Photographs by Robert Frank.
200 pp., 131 black & white illustrations, 9x9½".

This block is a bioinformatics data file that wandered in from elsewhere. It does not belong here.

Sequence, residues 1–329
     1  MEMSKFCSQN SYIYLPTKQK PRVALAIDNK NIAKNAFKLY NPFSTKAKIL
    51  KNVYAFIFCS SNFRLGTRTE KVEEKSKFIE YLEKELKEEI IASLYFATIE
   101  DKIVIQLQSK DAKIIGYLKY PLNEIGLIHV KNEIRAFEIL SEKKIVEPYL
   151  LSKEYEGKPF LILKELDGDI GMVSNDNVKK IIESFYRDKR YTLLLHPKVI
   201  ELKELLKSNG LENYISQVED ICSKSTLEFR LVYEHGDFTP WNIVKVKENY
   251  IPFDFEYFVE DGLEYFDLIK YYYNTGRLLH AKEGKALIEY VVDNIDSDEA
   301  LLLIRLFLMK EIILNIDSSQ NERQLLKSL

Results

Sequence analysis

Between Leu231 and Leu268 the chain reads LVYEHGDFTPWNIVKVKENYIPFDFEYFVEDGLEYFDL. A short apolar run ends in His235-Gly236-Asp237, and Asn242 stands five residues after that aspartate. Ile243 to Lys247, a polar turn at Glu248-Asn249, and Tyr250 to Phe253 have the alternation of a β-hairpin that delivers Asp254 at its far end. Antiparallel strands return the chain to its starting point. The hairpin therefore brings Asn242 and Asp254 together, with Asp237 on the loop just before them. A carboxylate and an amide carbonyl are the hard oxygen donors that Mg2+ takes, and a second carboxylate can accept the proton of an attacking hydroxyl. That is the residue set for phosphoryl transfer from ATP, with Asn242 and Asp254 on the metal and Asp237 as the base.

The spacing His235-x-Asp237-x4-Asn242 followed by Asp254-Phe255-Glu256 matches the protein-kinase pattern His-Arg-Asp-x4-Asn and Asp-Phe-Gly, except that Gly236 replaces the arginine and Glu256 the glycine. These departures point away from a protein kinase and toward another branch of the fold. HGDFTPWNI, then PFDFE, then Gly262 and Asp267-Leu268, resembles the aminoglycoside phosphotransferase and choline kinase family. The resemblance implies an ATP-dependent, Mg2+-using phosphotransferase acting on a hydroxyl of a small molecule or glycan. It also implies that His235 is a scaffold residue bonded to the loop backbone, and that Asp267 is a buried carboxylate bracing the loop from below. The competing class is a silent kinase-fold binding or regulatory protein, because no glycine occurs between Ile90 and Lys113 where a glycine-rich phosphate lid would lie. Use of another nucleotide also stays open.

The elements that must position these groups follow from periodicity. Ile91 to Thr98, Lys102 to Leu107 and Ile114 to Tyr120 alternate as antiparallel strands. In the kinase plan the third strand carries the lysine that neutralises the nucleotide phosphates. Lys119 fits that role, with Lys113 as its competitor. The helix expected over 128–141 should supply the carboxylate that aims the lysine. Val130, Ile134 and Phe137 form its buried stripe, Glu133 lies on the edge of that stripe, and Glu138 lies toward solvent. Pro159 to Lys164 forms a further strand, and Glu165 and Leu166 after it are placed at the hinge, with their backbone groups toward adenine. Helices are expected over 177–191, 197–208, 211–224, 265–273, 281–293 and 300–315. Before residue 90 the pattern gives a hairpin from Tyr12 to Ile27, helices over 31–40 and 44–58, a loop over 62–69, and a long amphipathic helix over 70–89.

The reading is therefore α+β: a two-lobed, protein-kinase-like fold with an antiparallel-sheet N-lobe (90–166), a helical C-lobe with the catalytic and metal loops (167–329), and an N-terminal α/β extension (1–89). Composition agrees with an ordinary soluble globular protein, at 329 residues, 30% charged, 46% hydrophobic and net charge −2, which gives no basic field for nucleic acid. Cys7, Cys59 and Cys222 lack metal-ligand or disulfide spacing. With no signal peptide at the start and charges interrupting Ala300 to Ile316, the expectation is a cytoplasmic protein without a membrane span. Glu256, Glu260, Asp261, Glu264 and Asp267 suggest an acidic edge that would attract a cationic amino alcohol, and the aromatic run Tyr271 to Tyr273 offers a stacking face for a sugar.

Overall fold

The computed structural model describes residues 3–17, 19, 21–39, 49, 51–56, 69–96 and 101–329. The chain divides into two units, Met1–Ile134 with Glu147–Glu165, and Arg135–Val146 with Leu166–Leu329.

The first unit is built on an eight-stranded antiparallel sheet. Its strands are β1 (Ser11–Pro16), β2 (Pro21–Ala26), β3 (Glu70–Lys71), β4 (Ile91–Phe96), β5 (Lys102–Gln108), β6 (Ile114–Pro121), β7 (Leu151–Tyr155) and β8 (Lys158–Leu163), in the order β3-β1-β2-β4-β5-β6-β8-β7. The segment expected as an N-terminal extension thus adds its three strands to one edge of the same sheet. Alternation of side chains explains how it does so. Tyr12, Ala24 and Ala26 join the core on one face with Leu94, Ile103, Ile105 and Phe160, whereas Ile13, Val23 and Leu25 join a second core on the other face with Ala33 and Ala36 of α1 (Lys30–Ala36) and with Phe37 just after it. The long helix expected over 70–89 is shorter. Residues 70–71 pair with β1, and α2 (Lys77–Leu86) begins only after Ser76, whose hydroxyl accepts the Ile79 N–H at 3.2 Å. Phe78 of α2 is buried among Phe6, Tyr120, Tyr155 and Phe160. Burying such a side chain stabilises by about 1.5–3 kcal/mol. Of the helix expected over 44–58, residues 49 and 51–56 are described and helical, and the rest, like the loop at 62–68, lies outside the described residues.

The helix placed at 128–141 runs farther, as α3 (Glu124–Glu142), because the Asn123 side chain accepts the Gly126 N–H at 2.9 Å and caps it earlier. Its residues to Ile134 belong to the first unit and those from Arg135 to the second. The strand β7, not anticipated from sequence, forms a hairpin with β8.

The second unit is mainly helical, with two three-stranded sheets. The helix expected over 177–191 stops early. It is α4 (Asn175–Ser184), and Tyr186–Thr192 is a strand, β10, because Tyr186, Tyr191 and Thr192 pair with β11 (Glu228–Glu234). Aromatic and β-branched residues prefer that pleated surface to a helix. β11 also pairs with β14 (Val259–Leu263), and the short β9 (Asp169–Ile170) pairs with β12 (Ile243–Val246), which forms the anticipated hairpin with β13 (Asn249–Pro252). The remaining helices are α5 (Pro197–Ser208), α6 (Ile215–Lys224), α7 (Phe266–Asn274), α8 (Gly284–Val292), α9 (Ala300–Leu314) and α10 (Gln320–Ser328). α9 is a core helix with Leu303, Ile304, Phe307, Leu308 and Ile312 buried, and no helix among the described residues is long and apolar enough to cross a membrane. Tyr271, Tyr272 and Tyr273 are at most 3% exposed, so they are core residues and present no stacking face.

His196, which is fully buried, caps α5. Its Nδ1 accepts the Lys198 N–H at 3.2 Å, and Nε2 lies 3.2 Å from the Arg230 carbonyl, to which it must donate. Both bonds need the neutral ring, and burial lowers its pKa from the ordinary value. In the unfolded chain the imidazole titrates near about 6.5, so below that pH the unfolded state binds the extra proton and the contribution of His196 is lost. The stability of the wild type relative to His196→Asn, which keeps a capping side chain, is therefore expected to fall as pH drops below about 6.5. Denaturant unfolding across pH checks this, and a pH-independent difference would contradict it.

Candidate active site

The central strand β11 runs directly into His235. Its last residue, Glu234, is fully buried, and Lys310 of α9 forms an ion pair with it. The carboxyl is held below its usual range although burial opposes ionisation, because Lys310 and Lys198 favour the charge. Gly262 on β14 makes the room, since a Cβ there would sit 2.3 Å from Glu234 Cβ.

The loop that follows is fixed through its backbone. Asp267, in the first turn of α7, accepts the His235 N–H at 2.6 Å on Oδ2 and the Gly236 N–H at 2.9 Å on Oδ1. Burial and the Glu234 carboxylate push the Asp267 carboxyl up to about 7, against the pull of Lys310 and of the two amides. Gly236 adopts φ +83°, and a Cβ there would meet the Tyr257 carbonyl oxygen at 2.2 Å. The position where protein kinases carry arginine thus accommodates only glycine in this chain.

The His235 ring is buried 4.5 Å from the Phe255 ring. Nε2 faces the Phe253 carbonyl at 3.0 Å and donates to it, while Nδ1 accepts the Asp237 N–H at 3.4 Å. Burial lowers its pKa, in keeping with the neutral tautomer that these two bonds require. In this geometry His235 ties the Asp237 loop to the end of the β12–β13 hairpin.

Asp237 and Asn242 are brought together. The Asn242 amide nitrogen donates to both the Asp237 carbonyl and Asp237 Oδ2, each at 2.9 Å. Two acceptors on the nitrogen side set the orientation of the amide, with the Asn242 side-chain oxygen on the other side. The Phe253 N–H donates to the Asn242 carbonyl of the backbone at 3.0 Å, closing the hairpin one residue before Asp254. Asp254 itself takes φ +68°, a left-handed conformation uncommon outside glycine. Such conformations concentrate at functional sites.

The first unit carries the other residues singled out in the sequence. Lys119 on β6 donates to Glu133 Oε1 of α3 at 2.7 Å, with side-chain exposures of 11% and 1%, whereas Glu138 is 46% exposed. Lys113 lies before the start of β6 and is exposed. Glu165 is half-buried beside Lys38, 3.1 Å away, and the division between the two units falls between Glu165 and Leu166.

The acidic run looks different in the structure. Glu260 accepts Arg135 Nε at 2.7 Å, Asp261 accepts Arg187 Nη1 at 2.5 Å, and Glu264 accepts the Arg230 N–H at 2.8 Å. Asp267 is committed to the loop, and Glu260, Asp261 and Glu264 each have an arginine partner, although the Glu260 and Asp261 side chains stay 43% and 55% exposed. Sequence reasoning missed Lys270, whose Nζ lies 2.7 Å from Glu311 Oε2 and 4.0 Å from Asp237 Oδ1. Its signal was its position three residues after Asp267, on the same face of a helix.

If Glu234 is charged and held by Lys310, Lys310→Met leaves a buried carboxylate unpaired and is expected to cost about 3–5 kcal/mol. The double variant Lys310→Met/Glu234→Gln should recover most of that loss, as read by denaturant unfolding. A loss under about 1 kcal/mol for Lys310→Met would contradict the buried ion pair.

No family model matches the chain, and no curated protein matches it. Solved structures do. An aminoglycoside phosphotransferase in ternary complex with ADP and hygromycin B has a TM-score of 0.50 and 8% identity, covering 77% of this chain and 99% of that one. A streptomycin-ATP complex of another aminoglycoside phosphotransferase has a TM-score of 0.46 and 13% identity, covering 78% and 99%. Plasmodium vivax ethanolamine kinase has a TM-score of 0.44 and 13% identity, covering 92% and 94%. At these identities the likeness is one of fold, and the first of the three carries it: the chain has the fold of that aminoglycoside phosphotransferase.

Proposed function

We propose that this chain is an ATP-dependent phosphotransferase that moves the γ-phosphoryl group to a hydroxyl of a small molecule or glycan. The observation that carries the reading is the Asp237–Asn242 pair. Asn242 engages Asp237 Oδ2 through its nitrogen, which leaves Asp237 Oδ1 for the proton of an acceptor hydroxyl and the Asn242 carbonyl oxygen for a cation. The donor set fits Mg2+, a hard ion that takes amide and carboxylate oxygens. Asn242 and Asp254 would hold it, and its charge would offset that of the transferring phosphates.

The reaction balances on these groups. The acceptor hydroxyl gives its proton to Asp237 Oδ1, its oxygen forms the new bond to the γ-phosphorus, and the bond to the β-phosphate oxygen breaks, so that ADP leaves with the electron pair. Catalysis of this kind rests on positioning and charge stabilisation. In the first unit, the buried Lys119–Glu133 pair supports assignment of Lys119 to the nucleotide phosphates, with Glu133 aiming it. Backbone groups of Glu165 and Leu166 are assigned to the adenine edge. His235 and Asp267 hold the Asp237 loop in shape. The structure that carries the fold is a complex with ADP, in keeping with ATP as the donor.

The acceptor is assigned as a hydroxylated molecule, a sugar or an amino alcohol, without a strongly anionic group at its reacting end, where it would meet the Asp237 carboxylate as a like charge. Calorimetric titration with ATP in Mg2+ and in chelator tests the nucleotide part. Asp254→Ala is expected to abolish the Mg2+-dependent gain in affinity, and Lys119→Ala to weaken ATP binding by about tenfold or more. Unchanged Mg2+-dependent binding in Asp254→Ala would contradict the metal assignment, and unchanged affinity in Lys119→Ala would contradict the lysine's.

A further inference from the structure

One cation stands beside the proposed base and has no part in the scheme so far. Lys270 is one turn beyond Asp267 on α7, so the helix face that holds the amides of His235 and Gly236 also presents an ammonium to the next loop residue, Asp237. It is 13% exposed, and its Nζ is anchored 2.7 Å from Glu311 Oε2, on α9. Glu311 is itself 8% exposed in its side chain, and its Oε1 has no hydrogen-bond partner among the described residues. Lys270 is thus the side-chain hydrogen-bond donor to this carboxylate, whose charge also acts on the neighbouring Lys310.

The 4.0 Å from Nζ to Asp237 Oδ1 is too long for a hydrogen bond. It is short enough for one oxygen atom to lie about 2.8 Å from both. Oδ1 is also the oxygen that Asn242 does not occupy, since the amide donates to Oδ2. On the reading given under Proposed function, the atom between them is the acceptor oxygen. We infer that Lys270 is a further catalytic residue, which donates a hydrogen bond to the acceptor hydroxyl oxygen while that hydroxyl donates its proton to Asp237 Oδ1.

Because of the importance of Robert Frank's The Americans; because he turned to filmmaking in 1959, the same year the book appeared in the United States; and because he made very different kinds of pictures when he returned to still photography in the 1970s, most of Frank's American work of the 1950s is poorly known. This book, based on the important Frank collection at the Cantor Arts Center at Stanford University, is the first to focus on that work. Its careful sequence of 131 plates integrates 22 photographs from The Americans with more than 100 unknown or unfamiliar images to chart the major themes and pictorial strategies of Frank's work in the United States in the 1950s. Peter Galassi's text presents a thorough reconsideration of Frank's first photographic career and examines in detail how he used the full range of photography's vital 35mm vocabulary to reclaim the medium's artistic tradition from the hegemony of the magazines.